Setting project schedule reviews is a key success factor in managing any project. If you are not regularly meeting with your team to review your schedule, it becomes difficult to ensure everyone is working on the right tasks and progress is tracking along with what is planned.
Project managers should also review the number of people currently working on a project and the project's future resource needs on a weekly basis. Doing so will ensure that you're fully utilizing the resources you have and that you have the right resources ready for the rest of the project. Regularly revisiting the resource forecast will help keep your project budget on track and avoid scope creep.
10. Be able to identify red flags and act quickly on them
If you have been a managed more than one project, you’ll be better aware of what your “red flags” are and how they can go on to impact your project. With this in mind, you can start to keep an eye for them coming up and making adjustments accordingly, instead of being reactive to the whole scenario. If you are new to the scene, consider getting your team involved to point out obstacles that may come up, and take note of what does come up in your current project.
11. Have a contingency plan in place
We all know that no project is perfect, no matter how much planning we put in place, something out of our control will come up and put us off task. As a project manager, you need to adapt accordingly and proactively to any variable to minimise its impact. Foresight is a great asset here. Put together a contingency plan for each phase and milestone of your project. Use your past project experience to inform what may come up and what it is the best way to deal with it. Be prepared.
12. Track project team members' time
The importance of time tracking should not be underestimated. It’s not just about menially logging hours and timesheets; time tracking is the fuel that powers project work.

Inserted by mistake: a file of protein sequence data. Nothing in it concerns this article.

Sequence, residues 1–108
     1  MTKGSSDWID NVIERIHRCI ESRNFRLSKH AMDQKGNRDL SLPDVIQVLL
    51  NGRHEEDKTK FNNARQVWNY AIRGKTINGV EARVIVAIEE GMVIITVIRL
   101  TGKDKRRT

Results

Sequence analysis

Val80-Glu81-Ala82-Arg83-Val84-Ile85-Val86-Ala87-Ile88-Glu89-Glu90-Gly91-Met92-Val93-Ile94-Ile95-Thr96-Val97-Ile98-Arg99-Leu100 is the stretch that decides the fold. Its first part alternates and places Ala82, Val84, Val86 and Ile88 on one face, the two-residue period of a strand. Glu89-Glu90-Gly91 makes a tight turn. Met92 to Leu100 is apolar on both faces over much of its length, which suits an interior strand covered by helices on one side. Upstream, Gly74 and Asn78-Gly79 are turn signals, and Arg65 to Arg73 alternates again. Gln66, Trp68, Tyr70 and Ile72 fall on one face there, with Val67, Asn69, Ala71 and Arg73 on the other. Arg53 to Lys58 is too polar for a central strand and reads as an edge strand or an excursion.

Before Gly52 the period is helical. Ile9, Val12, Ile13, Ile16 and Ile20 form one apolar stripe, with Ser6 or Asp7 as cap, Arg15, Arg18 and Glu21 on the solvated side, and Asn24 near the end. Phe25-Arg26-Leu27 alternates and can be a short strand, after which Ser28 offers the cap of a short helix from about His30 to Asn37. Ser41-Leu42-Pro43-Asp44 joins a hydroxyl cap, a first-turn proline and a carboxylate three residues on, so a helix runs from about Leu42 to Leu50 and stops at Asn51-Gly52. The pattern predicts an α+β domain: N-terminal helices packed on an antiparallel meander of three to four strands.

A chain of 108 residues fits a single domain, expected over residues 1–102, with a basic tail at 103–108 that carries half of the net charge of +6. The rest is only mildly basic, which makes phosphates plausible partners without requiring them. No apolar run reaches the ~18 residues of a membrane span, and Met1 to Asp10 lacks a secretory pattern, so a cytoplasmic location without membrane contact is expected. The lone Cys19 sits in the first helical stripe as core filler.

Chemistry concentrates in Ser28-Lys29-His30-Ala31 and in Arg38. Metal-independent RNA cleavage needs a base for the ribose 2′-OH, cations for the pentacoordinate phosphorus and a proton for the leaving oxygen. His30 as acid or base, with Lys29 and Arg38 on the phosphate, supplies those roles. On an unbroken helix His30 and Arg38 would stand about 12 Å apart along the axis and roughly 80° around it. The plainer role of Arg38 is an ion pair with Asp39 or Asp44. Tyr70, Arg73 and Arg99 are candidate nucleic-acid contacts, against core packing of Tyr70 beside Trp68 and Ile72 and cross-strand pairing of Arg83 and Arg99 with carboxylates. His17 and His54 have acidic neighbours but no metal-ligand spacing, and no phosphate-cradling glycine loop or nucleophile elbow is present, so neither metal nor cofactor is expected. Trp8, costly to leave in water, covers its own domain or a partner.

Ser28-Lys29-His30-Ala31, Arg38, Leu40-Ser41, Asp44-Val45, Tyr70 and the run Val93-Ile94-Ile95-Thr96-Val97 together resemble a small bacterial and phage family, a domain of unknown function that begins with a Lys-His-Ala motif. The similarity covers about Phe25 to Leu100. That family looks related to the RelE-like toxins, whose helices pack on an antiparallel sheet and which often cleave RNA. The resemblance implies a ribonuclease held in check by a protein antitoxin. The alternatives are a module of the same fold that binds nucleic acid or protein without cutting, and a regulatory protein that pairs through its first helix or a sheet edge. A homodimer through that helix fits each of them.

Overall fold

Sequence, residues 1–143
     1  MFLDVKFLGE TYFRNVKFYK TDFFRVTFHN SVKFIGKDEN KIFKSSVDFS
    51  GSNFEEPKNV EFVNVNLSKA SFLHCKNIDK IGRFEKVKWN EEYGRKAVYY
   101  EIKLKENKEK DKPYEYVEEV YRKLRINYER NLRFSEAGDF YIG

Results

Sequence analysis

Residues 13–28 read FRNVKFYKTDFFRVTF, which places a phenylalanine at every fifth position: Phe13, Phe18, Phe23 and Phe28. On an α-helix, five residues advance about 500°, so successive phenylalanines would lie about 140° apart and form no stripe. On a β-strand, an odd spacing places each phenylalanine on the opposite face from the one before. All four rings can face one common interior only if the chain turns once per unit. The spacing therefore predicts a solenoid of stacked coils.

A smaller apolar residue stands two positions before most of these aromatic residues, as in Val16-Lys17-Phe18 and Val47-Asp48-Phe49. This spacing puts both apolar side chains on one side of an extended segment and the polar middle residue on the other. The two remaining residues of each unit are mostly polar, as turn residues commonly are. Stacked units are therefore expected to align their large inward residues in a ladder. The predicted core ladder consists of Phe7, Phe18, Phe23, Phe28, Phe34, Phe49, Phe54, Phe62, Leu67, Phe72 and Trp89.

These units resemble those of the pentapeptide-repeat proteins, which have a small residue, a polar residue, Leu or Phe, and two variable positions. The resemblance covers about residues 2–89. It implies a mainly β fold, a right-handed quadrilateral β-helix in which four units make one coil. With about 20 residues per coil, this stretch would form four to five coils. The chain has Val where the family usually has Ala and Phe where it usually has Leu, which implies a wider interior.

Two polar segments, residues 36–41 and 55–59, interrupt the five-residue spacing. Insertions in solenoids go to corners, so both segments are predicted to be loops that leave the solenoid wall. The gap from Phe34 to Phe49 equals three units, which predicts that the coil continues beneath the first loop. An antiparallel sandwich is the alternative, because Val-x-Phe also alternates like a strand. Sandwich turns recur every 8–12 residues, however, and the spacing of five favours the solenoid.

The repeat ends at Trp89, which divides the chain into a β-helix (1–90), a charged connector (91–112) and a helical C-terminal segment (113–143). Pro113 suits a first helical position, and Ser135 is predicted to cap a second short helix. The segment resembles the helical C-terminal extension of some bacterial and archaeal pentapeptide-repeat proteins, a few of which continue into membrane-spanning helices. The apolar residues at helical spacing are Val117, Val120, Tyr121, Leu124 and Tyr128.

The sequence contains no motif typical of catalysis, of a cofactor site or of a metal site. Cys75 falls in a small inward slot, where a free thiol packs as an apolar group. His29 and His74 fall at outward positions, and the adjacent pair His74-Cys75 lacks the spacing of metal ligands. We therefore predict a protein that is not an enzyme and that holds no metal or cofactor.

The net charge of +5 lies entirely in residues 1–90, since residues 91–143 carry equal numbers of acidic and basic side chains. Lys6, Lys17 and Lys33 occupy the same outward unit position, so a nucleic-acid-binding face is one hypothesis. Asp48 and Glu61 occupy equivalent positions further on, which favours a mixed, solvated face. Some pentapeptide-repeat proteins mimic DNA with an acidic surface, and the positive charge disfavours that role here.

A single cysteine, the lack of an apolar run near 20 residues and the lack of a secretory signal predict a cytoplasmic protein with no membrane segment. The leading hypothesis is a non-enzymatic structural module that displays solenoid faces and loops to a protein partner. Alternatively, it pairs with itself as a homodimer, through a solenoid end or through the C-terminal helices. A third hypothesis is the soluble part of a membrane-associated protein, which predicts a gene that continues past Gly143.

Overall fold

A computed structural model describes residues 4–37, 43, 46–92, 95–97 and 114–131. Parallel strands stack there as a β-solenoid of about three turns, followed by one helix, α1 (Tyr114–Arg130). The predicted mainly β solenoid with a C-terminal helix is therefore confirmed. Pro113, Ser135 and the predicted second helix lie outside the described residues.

Tracking time also lets you get an overview of what you and your team are doing. This is significant, after all, the two great unknown in business are understanding how much time and resource projects take. With this knowledge, you will be better informed when managing and allocating resources, you can justify human resource decisions, and most importantly, have a realistic idea of project timeframes.
Overall, the data generated in this process is a goldmine for increasing productivity. With the right tools in place, you and your team can boost efficiency, motivation and focus without the need to additional effort or resource.
Looking for a tool to easily manage this for you, WorkflowMax is it. Read more about time tracking here.
13. For larger projects, continuously forecast against the original plan
If you completed your project schedule process you should have been left with a baseline schedule. This baseline schedule remains fixed, so it the perfect point of reference to your project timeline. By continually checking in on where you sit against your original plan, you can quickly identity any gap between expected delivery date and the current tasks progress.
14. Close the project formally and measure the performance against goals and KPIs
At the completion of your project, it is a good idea to do a final, step-by-step review. If you've documented each step throughout the project, you've made your task of final review much easier. Examine what went well, and in what areas you fell short of your expectations. The information you gather can be very helpful when you begin to plan your next project.
What can you do if you find your budget or schedule slipping?
Let’s say you find yourself halfway through a project with both the budget and schedule slipping out of your grasp. Even worse, both your manager and client are breathing down your neck… What can you do?